As in the human world, let’s start with the name. Hello, my name is Cullinan. What’s that you say – where did that name come from? “Cullinan” is the name of the largest, most-famous diamond in the world, discovered in 1905. It weighed in at over three thousand carats when first mined at Cullinan, South Africa, and was named after the mining company’s chairman, Thomas Cullinan. When cut, it produced nine major diamonds, all of which went to the Crown Jewels of the United Kingdom or to members of the British Royal Family. Why do I mention this? Because in choosing the name for their special new vehicle, Rolls-Royce chose to name it after the biggest, most important and ultimate diamond in the world — and both the diamond and the new Rolls-Royce are inexorably tied to England. Oh, and Rolls-Royce itself was founded in 1906 so its genesis and the discovery of the world’s most famous diamond virtually coincide.
That’s all well and good but what about the vehicle? Rolls calls it a “high-sided car” as it was too elegant simply to be termed an SUV (though they occasionally use that term, too). Further distinguishing it from a typical SUV, it’s a “three-box design”, meaning that the driver and passengers are separated from the engine compartment and from the rear luggage area (in one of the choices for the interior layout, there even is a fixed glass divider between the back seat and the cargo). Rolls offered this option to separate the people from the luggage so that, even when loading and unloading the Cullinan in extreme weather, the interior of the vehicle would retain its pleasant environment.
In a vehicle of its weight (5,865 pounds), it was clear that prodigious power would be required and the Cullinan does not disappoint. With a twin-turbo V-12 motor, the output is over 560 horsepower and over 625 pound-feet of torque so it’s sure to do well when towing, off-roading or even at a stoplight grand prix. Totally befitting for a super vehicle with a base price of $325,000.
But what about in its native habitat? One’s first guess as to where that might be likely will be the Royal Ascot, the preeminent horse race, and that’s a good start. With the optional special seats, which are part of the rear tailgate, what better way to enjoy your canapés and bubbly (don’t forget the Grey Poupon). But the Cullinan is not mere poser and, in fact, it proclaims that it is “Effortless, Everywhere” so it had to be able to back up such claims. And it does.
Leading up to the May 9, 2018 launch, a heavily-camouflaged Cullinan has travelled far and wide. Dubbed “The Final Challenge”, the trip followed some three years of extensive testing in climates which most Cullinans aren’t likely to ever experience. The touring crew included photographer Cory Richards, National Geographic’s 2012 Adventurer of the Year, so Rolls achieved tremendous credibility for such an audacious trip by having Nat Geo along for the experience, publishing stills and videos along the way, from Northern Europe, the Middle East and the United States for a final shakedown run ahead of its world debut just now. The Challenge started in the Scottish Highlands early in April and continued the adventure through the freezing snowfields of Austria, on to the vast deserts of the Middle East and completing the on-road/off-road journey by handling the demanding topography in the US.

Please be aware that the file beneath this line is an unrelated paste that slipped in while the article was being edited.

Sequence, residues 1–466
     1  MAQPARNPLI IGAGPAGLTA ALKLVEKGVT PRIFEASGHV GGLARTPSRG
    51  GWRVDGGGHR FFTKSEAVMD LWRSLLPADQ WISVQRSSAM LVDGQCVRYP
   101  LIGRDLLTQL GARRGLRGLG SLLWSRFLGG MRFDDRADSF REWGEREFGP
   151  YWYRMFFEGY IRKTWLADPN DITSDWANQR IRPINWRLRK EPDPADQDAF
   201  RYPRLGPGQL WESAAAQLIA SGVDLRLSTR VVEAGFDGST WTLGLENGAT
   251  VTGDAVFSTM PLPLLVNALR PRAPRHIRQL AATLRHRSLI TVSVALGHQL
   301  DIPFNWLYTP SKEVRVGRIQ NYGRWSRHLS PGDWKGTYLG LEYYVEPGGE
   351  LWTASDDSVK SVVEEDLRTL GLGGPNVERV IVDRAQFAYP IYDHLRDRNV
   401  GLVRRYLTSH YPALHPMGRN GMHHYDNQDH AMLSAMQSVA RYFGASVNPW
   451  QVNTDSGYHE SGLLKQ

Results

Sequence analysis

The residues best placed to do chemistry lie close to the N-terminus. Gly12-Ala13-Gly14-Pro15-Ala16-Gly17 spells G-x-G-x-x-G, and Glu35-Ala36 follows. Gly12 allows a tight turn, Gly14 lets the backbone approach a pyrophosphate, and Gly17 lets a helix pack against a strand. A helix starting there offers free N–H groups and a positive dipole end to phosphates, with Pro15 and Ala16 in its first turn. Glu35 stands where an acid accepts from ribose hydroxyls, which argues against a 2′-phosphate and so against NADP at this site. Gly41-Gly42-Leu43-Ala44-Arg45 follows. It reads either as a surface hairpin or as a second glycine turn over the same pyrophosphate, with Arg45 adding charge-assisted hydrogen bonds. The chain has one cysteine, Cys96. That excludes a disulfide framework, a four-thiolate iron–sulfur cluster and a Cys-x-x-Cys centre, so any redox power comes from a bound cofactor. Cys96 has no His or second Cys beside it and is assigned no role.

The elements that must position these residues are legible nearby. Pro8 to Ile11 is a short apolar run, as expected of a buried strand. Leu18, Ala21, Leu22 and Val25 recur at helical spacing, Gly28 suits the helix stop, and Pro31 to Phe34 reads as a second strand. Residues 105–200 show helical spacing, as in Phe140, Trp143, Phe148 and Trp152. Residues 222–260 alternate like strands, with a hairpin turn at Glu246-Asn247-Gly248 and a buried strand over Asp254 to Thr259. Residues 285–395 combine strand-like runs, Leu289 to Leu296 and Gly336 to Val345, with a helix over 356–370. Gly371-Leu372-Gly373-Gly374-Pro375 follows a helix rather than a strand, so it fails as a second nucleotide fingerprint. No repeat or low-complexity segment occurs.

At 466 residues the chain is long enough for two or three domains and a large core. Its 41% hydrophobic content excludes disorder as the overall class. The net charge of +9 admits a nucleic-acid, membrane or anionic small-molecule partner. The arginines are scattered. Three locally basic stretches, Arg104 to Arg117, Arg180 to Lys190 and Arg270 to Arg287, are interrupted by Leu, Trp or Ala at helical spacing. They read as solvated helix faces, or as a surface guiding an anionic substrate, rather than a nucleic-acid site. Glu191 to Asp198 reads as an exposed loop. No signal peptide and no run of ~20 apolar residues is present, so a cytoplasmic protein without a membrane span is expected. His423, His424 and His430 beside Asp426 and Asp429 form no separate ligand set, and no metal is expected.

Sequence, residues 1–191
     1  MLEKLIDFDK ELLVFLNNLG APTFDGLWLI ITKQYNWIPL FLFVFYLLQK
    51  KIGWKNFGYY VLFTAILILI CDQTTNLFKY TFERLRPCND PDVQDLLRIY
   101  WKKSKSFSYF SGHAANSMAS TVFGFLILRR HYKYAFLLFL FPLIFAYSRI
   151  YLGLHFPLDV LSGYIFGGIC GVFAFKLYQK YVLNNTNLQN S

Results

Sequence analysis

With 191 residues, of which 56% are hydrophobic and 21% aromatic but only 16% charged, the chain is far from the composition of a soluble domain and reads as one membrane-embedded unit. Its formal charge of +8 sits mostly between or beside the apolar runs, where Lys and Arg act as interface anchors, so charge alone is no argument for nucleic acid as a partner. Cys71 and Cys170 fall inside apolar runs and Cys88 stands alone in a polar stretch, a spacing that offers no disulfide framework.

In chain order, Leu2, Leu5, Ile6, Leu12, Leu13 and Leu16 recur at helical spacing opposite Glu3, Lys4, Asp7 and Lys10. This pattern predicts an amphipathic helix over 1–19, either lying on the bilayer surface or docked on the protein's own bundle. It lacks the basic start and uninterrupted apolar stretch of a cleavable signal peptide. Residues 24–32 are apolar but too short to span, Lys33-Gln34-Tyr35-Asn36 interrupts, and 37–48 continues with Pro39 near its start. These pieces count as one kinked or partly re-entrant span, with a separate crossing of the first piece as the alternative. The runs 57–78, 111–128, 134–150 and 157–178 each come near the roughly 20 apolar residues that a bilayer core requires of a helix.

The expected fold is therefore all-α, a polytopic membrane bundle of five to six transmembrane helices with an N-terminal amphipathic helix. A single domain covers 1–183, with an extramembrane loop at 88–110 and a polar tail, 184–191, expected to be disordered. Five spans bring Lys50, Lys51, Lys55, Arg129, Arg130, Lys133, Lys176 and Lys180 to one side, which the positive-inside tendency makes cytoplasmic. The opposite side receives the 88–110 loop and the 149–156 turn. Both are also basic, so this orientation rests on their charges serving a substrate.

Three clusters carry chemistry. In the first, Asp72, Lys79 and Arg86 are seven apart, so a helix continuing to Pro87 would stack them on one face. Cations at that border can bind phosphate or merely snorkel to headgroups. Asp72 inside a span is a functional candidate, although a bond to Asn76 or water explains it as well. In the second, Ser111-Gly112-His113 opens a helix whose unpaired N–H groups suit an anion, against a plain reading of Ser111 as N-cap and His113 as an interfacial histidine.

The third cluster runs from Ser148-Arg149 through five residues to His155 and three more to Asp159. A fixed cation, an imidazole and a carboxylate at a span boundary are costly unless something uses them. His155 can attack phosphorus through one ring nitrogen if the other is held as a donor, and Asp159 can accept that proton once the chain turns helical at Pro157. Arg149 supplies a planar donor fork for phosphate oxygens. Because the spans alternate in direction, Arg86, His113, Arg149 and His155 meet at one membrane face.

Lest you think that Rolls is a newcomer to off-roading, Exhibits A and B are the Maharajas of India, who outfitted their Rolls-Royces for hunting, and Thomas Edward Lawrence, a British archaeologist, military officer, diplomat, and writer. Sir Thomas is perhaps better known as “Lawrence of Arabia” as he famously had a fleet of Rolls-Royces armored and he and his team drove them through the muck and sand of Northern Europe and then on war-time campaigns through China, Russia and the Middle East. During that last adventure, the quote attributed to Lawrence was born – “A Rolls in the desert is above rubies.” Clearly the Rolls-Royces in his motor pool went above and beyond the call of duty.
So how does Rolls-Royce provide their famous “Magic Carpet Ride” in the Cullinan? Very well, thank you, due to the marriage of a new, lighter aluminum frame, self-leveling air suspension, all-wheel drive and all-wheel steering, coupled with a very sophisticated computer control system which allows the suspension to make millions of calculations every second, relying on input from the body, wheels, steering input and even camera information. Clever? You bet – the air suspension system even can push down on any wheel that needs some assistance with traction. The Cullinan also has the highest wading depth of any luxury SUV – over 21 inches.
Completing the package is the interior of the Cullinan. To the sumptuous leathers and fine woods which you would expect, add the creature comforts of the aforementioned partition between the back seat and cargo area and heated elements including armrests, front console lid and even the rear center armrest. The Cullinan is the closest you ever will get to taking The Peninsula Hotel living room for a jaunt.
The Rolls-Royce Cullinan clearly embodies all of the laudable values and capabilities that drove Rolls-Royce’s two founding fathers — the Honorable Charles Rolls and Sir Henry Royce — to secure the marque’s reputation early in the last century, as they took top honors in rigorous public adventures such as the Scottish Reliability Trials, the London to Edinburgh event and the Alpine Trials. While many Cullinans may get more experience with the Starbucks Hamptons than the Scottish Highlands, it’s obviously a vehicle which can take you anywhere you want to go . . . effortlessly.